All About My Custom Hugo Theme KMT

My ToDo List for 2024 (daily updates)

How to Free up Disk Space on Ubuntu Linux ?

Empty Trash 🔗 Empty the trash can. Or use this command to empty the trash. rm -r ~/.local/share/Trash/info/ && rm -r ~/.local/share/Trash/files/ Unwanted screenshots 🔗 Delete unwanted screenshots and screencasts if you have any. Remove Unused Packages 🔗 Use this command sudo apt-get autoremove # or sudo apt autoremove to remove packages that were automatically installed to satisfy dependencies for some package and are now no longer needed. This includes old Linux kernels that were installed during system upgrades.

Is Go Used in Production more than Rust ?

I was wondering if programs used in the real world are mostly written/built in Rust or Go? How to create a real world statistic to compare ? Homebrew package manager 🔗 I found that Homebrew lists the dependencies of the package like this. $ brew info eza ==> eza: stable 0.18.13 (bottled) Modern, maintained replacement for ls Not installed From: License: MIT ==> Dependencies Build: pandoc ✘, pkg-config ✔, rust ✘ Required: libgit2 ✘ ==> Analytics install: 12,792 (30 days), 38,295 (90 days), 68,375 (365 days) install-on-request: 12,790 (30 days), 38,293 (90 days), 68,375 (365 days) build-error: 0 (30 days) The dependencies of eza to build are pandoc, pkg-config and Rust.

Trend of Focusing on Software Performance & Efficiency

You are hearing blazingly fast, faster, at the speed of thought, lightning fast, wicked fast,.. and too many similar phrases. This trend of performance optimization is not just in words and projects and such, It expands to include programming languages themselves, libraries, websites, servers, all things software. Even hardware, but we’ll focus on software. Performant and efficient programming languages 🔗 If you plot the performance and efficiency of programming languages from 2000 until 2024 (current year), you’ll find that the programming languages are competing to boost their performance and efficiency.

Should I use `mb_strlen($text, 'utf-8')` or `strlen($text)` in PHP ?

In most cases, you should use mb_strlen($text, 'utf-8') in PHP. Here’s a breakdown of the reasons: Why mb_strlen is the recommended? 🔗 Accuracy for Multibyte Characters: mb_strlen is designed for handling multibyte character encodings like UTF-8. It considers characters that can be composed of multiple bytes, giving you the correct character count. strlen assumes single-byte characters and might undercount the length for strings with characters outside the basic ASCII range.

Don't Communicate by Sharing Memory, Share Memory by Communicating: A Go Approach

This concept, a core principle in Go’s concurrency model, can be confusing at first glance. Let’s break it down with practical examples in Go, highlighting the difference between unsafe memory sharing and safe communication via channels. The Problem with Shared Memory 🔗 Imagine two goroutines (lightweight threads) in your Go program, Reader and Writer, that need to access the same data: var data int // Shared variable (unsafe) func Reader() { fmt.

How I improved page loading speed from 52 to 94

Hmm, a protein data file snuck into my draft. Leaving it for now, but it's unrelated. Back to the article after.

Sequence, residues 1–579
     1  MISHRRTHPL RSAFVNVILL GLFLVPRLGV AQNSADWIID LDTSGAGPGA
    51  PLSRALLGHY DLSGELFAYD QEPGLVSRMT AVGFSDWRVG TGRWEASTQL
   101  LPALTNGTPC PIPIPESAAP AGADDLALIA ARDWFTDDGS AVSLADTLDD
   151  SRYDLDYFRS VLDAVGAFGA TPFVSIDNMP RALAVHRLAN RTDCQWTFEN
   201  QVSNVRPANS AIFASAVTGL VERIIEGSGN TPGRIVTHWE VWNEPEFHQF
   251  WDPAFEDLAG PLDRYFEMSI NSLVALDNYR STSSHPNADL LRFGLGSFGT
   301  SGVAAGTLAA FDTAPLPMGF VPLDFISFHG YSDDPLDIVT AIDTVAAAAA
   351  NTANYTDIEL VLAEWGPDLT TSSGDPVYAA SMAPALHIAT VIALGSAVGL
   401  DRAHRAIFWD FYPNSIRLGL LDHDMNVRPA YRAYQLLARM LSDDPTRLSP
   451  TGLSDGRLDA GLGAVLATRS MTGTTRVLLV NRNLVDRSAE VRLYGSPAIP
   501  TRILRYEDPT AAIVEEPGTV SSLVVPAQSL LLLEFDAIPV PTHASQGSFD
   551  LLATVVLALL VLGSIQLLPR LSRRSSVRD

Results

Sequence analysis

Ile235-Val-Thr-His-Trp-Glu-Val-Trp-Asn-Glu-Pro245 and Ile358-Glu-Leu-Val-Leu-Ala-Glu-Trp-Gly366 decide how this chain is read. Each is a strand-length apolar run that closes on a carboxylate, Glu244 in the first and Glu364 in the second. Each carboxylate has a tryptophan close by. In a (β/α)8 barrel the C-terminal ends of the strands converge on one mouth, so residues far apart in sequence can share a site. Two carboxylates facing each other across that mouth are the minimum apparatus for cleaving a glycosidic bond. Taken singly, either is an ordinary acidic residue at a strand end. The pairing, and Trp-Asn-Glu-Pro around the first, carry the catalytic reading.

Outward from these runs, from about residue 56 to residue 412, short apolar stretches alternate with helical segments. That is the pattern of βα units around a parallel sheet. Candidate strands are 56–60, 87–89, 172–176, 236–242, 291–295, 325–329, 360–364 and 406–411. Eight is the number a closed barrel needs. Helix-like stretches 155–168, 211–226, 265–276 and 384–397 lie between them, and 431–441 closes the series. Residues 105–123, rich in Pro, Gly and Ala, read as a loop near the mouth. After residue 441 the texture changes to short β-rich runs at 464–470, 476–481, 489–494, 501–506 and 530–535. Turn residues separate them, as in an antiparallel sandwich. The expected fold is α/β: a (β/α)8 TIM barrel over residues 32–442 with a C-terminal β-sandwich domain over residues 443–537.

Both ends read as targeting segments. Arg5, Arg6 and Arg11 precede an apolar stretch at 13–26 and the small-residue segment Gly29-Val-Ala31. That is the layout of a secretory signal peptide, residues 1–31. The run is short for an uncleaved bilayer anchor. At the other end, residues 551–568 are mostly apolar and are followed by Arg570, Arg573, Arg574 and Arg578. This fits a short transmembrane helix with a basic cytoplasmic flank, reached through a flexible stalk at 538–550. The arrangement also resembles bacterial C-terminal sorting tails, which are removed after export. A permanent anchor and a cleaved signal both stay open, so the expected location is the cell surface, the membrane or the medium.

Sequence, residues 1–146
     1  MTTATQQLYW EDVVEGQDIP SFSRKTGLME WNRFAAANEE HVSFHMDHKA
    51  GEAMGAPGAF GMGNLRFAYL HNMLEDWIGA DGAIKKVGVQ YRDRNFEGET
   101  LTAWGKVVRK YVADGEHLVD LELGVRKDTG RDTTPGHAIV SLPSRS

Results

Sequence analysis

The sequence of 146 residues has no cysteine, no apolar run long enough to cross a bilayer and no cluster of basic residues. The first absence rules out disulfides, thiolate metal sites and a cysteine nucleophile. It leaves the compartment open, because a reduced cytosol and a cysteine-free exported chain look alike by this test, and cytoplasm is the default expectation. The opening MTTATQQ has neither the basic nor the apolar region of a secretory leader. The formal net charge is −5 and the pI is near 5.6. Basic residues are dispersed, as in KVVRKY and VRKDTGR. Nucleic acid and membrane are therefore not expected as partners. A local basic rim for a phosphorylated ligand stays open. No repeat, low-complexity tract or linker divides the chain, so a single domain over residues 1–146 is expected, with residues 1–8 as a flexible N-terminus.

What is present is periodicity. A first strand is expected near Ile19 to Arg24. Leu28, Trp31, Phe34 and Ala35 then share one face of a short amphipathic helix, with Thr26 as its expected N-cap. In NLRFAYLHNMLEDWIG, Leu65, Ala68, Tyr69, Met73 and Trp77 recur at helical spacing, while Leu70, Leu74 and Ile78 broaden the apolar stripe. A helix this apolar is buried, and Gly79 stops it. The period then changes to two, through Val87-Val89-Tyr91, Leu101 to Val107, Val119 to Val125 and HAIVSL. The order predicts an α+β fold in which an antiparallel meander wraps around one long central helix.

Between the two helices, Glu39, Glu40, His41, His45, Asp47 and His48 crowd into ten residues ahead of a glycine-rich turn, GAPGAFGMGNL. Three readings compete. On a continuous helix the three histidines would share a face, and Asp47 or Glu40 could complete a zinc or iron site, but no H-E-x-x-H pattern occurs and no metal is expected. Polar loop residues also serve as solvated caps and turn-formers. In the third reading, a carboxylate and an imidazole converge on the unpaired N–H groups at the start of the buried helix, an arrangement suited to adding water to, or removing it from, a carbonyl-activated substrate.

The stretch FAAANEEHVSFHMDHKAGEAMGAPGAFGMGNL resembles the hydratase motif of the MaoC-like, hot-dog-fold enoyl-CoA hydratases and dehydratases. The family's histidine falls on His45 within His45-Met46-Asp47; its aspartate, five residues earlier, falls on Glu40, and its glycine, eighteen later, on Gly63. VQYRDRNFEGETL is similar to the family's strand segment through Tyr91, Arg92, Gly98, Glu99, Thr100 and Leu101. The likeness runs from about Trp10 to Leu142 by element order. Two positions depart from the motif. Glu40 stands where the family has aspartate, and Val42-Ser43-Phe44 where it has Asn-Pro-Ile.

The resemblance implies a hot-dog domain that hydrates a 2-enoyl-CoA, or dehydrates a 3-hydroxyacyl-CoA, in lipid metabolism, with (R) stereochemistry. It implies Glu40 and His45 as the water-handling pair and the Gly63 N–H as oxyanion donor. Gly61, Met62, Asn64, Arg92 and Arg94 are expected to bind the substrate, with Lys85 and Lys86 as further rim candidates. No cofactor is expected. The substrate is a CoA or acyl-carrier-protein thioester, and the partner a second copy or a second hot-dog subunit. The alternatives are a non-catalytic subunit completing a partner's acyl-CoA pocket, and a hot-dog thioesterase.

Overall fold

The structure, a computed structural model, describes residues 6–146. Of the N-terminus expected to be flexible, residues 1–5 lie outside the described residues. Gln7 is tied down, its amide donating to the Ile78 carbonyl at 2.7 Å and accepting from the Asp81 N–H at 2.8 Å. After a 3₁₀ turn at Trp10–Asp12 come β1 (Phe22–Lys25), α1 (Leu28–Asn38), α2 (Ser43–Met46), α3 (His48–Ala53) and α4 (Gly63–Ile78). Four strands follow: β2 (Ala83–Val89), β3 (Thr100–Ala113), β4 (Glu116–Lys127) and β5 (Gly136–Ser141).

I used PageSpeed Insights , to detect the performance bottlenicks so I can analyze and fix the performance issues. Here are all optimizations I did on to improve the PageSpeed Insights performance metrics. run scripts inside web workers 🔗 I offloaded some scripts from running on browser/JS main thread into a web worker by using the partytown library. I specifically offloaded Google Analytics scripts (gtag) and Meta Pixel script (Facebook’s).

Execute a command once per line of piped input?

How to execute a command once per line of the piped input? or how to pipe each line at a time in linux terminal? is the same question. There are two main ways to achieve this. Using a while loop with read 🔗 This is a common approach for simple scenarios. Here’s the structure: command | while read line; do # Perform some action on each line stored in the variable "$line" your_command "$line" done command: This is the command that generates the output you want to process line by line.

ed Cheatsheet

ed : The original Unix text editor. Start an interactive editor session with an empty document: ed Start an interactive editor session with an empty document and a specific [p]rompt: ed -p '> ' Start an interactive editor session with an empty document and without diagnostics, byte counts and ‘!’ prompt: ed -s Edit a specific file (this shows the byte count of the loaded file): ed path/to/file Replace a string with a specific replacement for all lines:

Awk Cheatsheet

awk: A versatile programming language for working on files. Print the fifth column (a.k.a. field) in a space-separated file: awk '{print $5}' path/to/file Print the second column of the lines containing “foo” in a space-separated file: awk '/foo/ {print $2}' path/to/file Print the last column of each line in a file, using a comma (instead of space) as a field separator: awk -F ',' '{print $NF}' path/to/file Sum the values in the first column of a file and print the total:

sed Cheatsheet | Edit text in a scriptable manner

sed: Edit text in a scriptable manner. Replace all apple (basic regex) occurrences with mango (basic regex) in all input lines and print the result to stdout: command | sed 's/apple/mango/g' Execute a specific script [f]ile and print the result to stdout: command | sed -f path/to/script_file.sed Replace all apple (extended regex) occurrences with APPLE (extended regex) in all input lines and print the result to stdout: command | sed -E 's/(apple)/\U\1/g' Print just a first line to stdout: